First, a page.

Thursday, January 3, 2019

The Ascent of Rum Doodle

Bill Bryson introduces the 2001 edition of W. E. Bowman's The Ascent of Rum Doodle (orig. pub. 1956) as "one of the funniest books you will ever read." He gives us great expectations of the delights that await us as we read Bowman's parody of the great mountain-climbing expeditions of the early 20th Century. "Binder" (as our narrator is code-named for the group's walkie-talkie usage) is the leader of this grand adventure and tells us the story of the eight brave men and 3,000 Yogistani porters who tackle the true highest peak in the Himalayas. The group is actually the greatest collection of misfits with misnomers ever assembled. Binder most certainly does not bind his group together. Burley is not the epitome of health and strength that one might expect. And so on... It a miracle that any of them ever reach the peak of anything...or do they? You'll have to read to find out.

Something tells me that reading this book is something like what I would experience if I were to decide to actually climb a large Everest or that taller mountain, Rum Doodle. It would go something like this

~Boy, isn't this fun? I'm having a great time.
~Still enjoying myself. Nice scenery. Great adventure.
~What? Oh, yes, I am getting a little bit tired...but this is fun. I can totally do it.
~Hmmm. That bit of mountain ahead looks remarkably like that bit of mountain back there. Only steeper.
~Puff. Puff. It's getting a little difficult to get my bearings. And I'm getting a little light-headed. Why do I feel so tired?
~Goodness this is getting repetitive. And I'm really getting tired of climbing. When do we get to the peak?
~Seriously...are we there yet?
~I'm certain I thought this was a good idea when I started...but...does anyone know why?
~I don't think I can take another step...I mean it...Oh, wait. Is that the top? We're there? But I can't see anything with all those clouds in the way. Are you sure this was worth it?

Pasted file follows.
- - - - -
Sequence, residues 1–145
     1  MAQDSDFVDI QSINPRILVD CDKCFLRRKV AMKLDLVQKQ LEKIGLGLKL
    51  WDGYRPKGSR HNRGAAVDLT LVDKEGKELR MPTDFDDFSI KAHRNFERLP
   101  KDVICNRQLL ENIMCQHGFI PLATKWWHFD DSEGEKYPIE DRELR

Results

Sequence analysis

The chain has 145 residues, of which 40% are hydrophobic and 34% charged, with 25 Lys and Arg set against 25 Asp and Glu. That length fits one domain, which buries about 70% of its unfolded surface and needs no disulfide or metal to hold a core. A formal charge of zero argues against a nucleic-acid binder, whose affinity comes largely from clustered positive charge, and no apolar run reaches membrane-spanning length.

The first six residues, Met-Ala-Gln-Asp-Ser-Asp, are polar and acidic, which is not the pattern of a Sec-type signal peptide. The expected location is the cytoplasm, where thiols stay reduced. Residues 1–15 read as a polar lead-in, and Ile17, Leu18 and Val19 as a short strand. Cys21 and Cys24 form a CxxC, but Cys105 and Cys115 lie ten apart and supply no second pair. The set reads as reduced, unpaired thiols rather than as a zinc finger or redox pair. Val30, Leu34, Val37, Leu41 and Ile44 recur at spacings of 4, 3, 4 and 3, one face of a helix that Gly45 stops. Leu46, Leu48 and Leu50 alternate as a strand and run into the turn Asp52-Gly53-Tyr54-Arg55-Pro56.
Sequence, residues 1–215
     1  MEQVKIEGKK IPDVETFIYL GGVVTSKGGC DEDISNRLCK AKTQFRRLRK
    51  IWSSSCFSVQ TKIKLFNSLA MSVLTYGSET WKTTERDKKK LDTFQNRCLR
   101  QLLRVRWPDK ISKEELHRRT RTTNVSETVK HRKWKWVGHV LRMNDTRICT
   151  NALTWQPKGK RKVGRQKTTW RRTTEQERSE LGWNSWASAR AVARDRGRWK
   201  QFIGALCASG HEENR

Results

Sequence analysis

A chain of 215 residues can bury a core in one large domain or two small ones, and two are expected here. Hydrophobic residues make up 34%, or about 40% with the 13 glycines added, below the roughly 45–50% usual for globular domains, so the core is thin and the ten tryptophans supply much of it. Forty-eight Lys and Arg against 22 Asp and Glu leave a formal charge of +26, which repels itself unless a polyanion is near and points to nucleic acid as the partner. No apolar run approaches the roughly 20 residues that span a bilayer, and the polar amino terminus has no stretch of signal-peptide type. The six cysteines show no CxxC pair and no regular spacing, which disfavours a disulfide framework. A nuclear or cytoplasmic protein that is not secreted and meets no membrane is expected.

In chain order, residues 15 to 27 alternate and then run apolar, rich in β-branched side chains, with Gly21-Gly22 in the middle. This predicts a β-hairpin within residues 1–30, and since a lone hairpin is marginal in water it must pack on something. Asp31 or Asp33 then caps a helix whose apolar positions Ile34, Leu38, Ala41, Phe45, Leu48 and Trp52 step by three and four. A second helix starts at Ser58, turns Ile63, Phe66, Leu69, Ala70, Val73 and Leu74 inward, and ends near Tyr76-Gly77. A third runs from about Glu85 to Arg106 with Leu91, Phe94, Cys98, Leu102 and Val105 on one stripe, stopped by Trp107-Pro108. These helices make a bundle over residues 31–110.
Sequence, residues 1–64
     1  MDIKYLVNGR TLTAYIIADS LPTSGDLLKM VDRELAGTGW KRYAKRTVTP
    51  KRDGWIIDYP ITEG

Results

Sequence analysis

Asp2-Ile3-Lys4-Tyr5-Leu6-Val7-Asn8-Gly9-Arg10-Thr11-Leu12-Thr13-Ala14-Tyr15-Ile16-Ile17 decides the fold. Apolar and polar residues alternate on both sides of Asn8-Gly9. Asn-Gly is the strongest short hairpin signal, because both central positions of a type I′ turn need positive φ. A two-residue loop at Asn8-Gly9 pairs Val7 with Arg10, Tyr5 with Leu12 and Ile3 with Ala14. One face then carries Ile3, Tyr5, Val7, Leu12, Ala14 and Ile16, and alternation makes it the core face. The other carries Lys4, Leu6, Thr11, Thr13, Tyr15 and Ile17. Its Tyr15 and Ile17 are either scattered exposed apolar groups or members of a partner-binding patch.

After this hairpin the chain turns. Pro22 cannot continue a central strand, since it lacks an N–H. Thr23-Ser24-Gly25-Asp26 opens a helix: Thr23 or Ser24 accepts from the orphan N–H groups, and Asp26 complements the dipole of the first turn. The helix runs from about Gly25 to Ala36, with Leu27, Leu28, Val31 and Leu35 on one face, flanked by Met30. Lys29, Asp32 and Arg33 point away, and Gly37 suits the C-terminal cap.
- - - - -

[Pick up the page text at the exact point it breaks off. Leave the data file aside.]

I really enjoyed the first third or so. The British humor was humming along nicely and I was gently chuckling away to myself. But then just like the mountain bits that looked remarkably like other mountain bits only steeper...the humor was very repetitive and it got worse as we went along. Binder imposing himself on one of his men and forcing him to tell the "story" of his childhood...or his fiancee...or his broken heart just wasn't funny any more. And it was no longer funny that the reader knew that Binder's climbing buddies were leading him up the garden path and telling him the most incredible nonsense and yet Binder was taking it as the gospel truth. And Jungle getting lost for the 153rd time was no longer funny. And the fact that the number 153 was the magic number for everything. And the constant movement from Base Camp to Advance Camp 1 (and 2 and 3 and 4 and...) and back again became irritating nonsense instead of comical nonsense. And the fact that no matter what they did they couldn't lose Pong, the Yogistani cook with a knack for turning the most desirable delicacies into the most nauseating mush, for love or money. 

This would have been a heck of a lot funnier if Bowman had had more strings to his bow (so to speak)--if he hadn't harped on the same exact jokes every step of the way up the mountain. ★★ But there are several four- and five-star ratings out there on Goodreads, so your mileage may vary.

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